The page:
Every day we present our thoughts and ideas to business prospects, teachers, parents, organizations, friends or even the one in line next to us. Our first interaction will leave a lasting impression…so make it the best one! Since 55% of our message is non-verbal, make sure your body is relaying the same message as your mouth. Whether you are giving a sales presentation to a large number of individuals, sitting across from two people at a table, or trying to raise funds for a worthy cause, use the following tips to ensure your non-verbal signals bring the success you are looking for. The more positive and confident your interactions, the greater your success in building a relationship that could last for years. Following are signals that can either enhance, or destroy, future relationship:
Your energy. Be aware of the energy you are transmitting! Is it motivating, positive, exciting, confident, worrisome, pre-occupied? Set a positive tone with your facial expressions, sincere eye contact and friendly, yet controlled body language. Non-verbal signs of defiance, angst, fear or frustration could propel the listener to the other side of the room, even if your words are saying something entirely different from what your body is projecting!
- Hands. It is said that eyes and hands are open and closed according to the person’s present state of mind. They tell so much about you. Hands should face palms up with fingers open (welcoming them to come in to your “space”) or at your side. If you are new at speaking and feeling uncomfortable, hold a pen in one hand. Having one hand in your pocket briefly is acceptable but both hands in your pockets gives the impression of either being arrogant, lacking confidence or hiding something.
- Pointing. Pointing a finger or a pen in someone’s general direction immediately puts them on the defense. When asking an individual a question or to sign a paper, hold your pointer or pen like you would if you were writing, at an angle. It seems like a very small matter but can give a strong message subconsciously.
- Touching. A friendly touch on the shoulder is often meant as a welcoming gesture, however, note their response. If they recoil, smile and back away. Touching sometimes reminds individuals of an unpleasant experience and is not anything personal against you. We just always want to be respectful of their reactions.
- Eye contact. In the U.S., eye contact is a necessary for honest, productive conversations. In some other countries, looking someone in the eye could be considered disrespectful. Good eye contact gives the impression that you are trustworthy, confident, credible, and serious about your conversation or presentation.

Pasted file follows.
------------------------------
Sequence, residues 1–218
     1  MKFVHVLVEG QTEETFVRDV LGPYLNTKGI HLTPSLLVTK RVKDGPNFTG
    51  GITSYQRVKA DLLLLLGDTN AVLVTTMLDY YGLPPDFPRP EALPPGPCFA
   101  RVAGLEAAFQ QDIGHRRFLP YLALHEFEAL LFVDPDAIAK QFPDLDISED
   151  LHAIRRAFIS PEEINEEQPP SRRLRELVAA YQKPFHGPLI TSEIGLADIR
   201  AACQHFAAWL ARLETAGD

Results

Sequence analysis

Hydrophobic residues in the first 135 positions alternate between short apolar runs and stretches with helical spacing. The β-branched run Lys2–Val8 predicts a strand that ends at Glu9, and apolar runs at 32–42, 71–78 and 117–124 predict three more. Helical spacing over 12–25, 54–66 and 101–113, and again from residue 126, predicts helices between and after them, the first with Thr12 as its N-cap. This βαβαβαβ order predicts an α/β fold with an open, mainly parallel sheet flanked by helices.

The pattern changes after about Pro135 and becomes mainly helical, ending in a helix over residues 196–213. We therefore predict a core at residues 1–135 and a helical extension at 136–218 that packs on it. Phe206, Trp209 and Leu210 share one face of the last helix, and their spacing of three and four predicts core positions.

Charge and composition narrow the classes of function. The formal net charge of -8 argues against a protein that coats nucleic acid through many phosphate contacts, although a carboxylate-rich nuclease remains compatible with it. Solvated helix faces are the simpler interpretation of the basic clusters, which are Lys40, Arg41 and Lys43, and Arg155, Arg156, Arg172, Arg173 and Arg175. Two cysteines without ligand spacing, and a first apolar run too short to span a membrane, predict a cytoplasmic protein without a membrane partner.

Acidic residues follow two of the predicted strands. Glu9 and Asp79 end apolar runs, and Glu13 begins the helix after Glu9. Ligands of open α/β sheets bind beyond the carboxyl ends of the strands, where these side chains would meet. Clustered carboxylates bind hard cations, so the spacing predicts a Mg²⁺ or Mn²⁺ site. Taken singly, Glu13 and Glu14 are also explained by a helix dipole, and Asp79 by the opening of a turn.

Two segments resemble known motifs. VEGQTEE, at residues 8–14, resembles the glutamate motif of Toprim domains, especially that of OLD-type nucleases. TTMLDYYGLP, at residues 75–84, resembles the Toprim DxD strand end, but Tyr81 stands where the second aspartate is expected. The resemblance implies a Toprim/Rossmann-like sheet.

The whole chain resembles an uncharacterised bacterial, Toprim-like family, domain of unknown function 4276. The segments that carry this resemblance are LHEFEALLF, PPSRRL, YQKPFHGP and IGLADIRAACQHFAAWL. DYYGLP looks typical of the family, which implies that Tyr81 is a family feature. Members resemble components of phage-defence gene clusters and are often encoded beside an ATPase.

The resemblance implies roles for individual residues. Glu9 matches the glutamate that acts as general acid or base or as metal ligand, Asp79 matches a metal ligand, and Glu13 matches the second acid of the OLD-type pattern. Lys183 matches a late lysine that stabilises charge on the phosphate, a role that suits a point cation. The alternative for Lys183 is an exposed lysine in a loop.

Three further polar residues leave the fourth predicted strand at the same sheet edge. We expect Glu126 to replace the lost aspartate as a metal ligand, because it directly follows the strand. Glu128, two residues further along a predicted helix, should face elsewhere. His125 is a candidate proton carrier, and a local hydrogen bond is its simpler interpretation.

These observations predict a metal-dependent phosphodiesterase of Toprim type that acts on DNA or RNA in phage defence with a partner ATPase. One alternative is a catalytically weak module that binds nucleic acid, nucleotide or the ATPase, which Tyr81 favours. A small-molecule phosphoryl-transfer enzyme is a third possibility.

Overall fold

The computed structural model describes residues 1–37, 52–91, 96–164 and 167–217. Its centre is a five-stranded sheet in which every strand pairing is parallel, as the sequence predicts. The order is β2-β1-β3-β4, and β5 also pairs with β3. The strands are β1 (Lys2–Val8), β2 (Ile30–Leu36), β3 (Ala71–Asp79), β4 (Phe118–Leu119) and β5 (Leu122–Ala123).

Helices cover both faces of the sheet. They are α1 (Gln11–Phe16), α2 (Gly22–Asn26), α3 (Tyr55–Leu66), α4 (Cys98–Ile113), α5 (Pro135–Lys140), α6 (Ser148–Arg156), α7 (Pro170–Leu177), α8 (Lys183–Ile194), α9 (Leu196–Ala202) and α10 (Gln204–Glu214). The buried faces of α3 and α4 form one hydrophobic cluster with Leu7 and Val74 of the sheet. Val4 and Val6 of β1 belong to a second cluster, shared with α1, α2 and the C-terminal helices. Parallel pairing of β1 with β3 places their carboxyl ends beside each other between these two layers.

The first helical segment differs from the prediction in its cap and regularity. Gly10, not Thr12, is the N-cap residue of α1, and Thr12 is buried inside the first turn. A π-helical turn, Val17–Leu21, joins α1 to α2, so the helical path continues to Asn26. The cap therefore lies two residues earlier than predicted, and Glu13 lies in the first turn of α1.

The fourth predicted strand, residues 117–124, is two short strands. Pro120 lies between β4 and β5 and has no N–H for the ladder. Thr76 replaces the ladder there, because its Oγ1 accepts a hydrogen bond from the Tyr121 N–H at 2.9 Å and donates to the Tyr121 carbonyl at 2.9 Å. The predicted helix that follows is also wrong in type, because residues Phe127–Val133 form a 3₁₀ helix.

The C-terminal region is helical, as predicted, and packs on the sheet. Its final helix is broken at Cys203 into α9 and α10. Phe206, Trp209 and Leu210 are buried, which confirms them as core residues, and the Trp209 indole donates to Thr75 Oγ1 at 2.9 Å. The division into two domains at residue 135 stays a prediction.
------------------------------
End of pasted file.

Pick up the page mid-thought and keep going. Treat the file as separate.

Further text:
- Your eyes. Avoid darting eyes, scanning people’s shoes, or any eye messages that give the impression you are not completely engaged in a conversation with them.
- Statements or questions. When people raise their voices at the end of a statement, it sounds like they are questioning themselves rather than making a statement. The listener may think, “If you are not sure what you are talking about, why should I take you seriously?” Result? You can be overlooked in business meetings, presentations or as a valuable part of the team. Approximately 80% of voiceovers on television are done by men because of their lower pitch lends to their credibility. Soft or high-pitched voices can give the impression of not being capable or able to manage the task as successfully as someone else.
- Letting others finish your sentences. If individuals in your audience interrupt, your first mode of defense is to raise your volume slightly. If that does not work, hold up your index finger while slightly raising your volume. If they still didn’t get (or heed) the message, raise your hand in the “stop” position. As a last resort, hold your hand up in the “stop” position and say, “Excuse me, I wasn’t finished yet.” This act should keep you in control and maintaining your composure.
- Adjust your mode of speaking according to the type of group you are talking to. Be more energetic if talking to someone of like manner and do not overwhelm someone with a strong voice if they are quiet and reserved.
Non-verbal messages can diffuse hostility by maintaining a composed demeanor. Restraining your own body language when someone is angry with you can actually have a calming effect on them. Keep your voice low and limit gestures while preserving a relaxed posture to discourage others from a potential rant.
Bottom line: always check to ensure your body is saying the same thing your mouth is. You goal is to have the most clear, concise, confident message possible.